Indigo, the Science, People & Politics inter-issue blog. Item eight, published 23rd June, 2015. and are spidered regularly by the British Library for non-print legal deposit.

Explanatory note added 3rd July, 2015. Minor typo correcetd and word added on 4th July, 2015. Items 8 to 13 of Indigo are an account, which I reported daily from the press box, of an inquest between 23rd June and 1st July, 2015 at The Law Courts in Bradford. The news reports give a human face to the tragedies which so often lie behind forensic science, in this case in the context of the Coroners' Court, and in a case where police were involved. Reporting such proceedings requires considerable journalistic professionalism. I undertook the task for the Science, People & Politics inter-issue blog, as a complement to a report we will next publish of the Royal Society's special issue on forensic science, and also in the context of an investigation I am making for Science, People & Politics into the place what is termed mental health has in the Court system generally in the UK, and in particular its interaction with the Criminal Justice System. I would like to thank the family of the deceased in this case, none of whom I had ever met previously, nor known of, for their temporary acceptance of me in what is for them a personal grief. Helen Gavaghan. BSc (hons), MCIJ.

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Coroner Court
Jury determinations



23rd June, 2015. Bradford Coroners' Court: death by a single shot to the head

The human side of a Coroner's Court was brought poignantly to life this afternoon when the distraught mother of the deceased left the Inquest into her son's death rather than watch forensic video evidence of her son's home immediately after his death. Mr N. A. Cameron, the Coroner, had asked whether she would like to stay, and she had said, yes. In the event before the video began she broke down in tears, saying, "I cannot do this."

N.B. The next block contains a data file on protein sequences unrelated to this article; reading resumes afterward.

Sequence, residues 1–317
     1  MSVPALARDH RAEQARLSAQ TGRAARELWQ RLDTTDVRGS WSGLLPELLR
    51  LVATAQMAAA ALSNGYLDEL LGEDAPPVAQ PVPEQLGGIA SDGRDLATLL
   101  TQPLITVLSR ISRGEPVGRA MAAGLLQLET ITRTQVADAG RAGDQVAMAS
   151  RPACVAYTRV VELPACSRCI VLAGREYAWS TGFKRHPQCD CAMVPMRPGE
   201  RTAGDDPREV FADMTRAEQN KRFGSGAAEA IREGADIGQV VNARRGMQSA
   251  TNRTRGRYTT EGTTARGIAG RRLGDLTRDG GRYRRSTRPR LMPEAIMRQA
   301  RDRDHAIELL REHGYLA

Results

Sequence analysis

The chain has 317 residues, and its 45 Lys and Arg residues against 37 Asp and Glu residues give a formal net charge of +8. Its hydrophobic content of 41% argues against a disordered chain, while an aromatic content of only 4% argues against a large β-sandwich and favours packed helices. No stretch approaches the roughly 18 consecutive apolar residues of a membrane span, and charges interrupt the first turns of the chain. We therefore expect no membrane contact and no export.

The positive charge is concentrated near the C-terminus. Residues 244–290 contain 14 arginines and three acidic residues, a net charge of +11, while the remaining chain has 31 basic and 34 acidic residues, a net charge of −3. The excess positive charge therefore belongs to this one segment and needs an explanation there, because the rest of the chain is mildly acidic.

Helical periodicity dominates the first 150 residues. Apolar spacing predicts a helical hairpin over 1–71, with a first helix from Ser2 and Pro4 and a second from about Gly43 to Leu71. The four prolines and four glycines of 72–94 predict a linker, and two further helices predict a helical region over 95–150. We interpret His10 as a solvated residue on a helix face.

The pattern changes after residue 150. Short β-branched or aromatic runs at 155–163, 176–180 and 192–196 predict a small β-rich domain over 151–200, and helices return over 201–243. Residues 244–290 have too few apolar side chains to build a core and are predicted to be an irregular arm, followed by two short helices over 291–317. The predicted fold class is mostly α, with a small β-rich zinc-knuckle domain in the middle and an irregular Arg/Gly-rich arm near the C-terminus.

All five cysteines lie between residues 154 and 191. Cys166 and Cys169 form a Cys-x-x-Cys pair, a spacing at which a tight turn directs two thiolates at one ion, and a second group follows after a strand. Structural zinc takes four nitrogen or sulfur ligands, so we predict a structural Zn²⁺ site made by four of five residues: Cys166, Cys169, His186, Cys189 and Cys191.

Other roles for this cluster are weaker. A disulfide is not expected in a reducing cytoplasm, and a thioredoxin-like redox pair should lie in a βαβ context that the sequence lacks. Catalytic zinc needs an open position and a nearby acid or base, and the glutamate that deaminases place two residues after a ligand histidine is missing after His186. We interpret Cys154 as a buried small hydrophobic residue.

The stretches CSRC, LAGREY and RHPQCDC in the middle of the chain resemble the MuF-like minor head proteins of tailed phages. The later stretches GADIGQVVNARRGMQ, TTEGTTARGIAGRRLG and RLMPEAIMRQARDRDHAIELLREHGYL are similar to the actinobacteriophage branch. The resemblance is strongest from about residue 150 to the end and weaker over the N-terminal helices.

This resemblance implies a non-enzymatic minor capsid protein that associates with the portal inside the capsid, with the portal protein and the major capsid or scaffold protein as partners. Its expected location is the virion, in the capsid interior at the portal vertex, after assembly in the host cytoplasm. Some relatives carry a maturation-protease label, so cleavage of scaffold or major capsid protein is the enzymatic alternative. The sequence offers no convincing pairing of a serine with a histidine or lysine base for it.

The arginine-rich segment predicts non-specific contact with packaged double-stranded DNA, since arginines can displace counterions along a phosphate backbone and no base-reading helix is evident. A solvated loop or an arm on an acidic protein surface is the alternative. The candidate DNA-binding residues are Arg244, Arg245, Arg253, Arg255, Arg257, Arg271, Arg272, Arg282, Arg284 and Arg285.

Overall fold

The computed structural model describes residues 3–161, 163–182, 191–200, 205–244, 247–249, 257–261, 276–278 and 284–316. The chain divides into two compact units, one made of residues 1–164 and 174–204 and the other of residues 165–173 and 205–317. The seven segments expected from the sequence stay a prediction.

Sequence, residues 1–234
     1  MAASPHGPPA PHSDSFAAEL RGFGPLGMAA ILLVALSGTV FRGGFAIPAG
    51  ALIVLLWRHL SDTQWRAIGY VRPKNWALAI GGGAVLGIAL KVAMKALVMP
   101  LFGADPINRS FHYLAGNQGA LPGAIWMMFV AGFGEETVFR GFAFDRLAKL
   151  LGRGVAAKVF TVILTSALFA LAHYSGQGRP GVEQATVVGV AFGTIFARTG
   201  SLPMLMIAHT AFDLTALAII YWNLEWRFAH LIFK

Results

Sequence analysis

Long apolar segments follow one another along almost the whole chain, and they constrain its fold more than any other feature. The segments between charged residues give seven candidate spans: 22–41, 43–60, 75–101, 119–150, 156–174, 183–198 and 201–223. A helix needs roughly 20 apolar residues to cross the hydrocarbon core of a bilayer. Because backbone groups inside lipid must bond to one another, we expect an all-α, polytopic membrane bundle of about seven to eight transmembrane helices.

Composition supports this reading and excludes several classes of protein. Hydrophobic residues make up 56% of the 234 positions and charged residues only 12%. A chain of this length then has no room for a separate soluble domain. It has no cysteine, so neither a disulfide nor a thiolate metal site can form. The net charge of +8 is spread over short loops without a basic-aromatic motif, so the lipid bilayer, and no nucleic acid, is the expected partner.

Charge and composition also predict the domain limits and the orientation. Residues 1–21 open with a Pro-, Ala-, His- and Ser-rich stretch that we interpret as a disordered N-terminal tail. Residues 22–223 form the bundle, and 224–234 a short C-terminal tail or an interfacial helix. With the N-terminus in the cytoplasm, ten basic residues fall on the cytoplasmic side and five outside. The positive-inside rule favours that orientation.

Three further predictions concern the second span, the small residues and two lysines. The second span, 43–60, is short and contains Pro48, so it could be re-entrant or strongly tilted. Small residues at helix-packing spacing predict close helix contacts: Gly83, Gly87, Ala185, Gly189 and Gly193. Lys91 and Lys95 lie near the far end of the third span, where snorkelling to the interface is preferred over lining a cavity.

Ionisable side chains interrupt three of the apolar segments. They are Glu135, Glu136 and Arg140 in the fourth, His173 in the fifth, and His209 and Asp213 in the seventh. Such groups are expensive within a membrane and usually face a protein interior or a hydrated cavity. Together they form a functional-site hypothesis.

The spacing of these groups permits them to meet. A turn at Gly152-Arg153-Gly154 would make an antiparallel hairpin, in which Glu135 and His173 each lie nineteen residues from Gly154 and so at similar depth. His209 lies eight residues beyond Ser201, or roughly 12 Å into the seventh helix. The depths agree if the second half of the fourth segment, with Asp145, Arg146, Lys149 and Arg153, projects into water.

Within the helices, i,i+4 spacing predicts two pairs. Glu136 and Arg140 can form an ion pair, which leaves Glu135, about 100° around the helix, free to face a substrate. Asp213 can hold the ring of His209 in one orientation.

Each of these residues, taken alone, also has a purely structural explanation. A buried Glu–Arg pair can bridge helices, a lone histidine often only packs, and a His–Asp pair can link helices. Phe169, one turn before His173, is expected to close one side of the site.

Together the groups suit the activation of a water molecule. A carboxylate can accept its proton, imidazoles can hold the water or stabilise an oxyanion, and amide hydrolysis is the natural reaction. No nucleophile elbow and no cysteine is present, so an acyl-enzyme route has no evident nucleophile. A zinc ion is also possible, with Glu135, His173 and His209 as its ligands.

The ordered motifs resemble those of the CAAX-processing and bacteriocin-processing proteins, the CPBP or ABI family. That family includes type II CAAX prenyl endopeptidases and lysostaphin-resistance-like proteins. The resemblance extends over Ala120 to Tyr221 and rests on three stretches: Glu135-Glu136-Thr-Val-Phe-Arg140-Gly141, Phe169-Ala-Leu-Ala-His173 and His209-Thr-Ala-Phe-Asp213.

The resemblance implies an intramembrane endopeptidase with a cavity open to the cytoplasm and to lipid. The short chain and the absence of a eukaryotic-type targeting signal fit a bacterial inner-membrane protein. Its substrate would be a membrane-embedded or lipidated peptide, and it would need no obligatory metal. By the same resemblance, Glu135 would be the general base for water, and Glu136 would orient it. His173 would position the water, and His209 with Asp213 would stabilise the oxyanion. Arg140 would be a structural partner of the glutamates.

The video footage blurred images of attending police and of the deceased's body.

Earlier the home office pathologist had told the Court the deceased, Colin David Berry, would have lost consciousness within seconds, making a convincing case in her evidence for this assertion by her description of the bullet's entry point and pathway through the brain. The bullet remained in the cranial cavity.

A small amount of ampthetamine, roughly a fifth of what would have been a fatal dose, was found in Mr Berry's blood. There were no other illegal substances, nor prescription medication.

The Court heard forensic testimony that from one blood sample there is no way to tell how long the amphetamine had been in the body. The coroner sought to clarify whether one could tell whether the amphetamine concentration was building or diminishing in the blood stream. Counsel present included Mr Davies QC for the chief constable of West Yorkshire Police and Mr McGuinness for the deceased's mother. The inquest continues tomorrow. Helen Gavaghan, editor Science, People & Politics.


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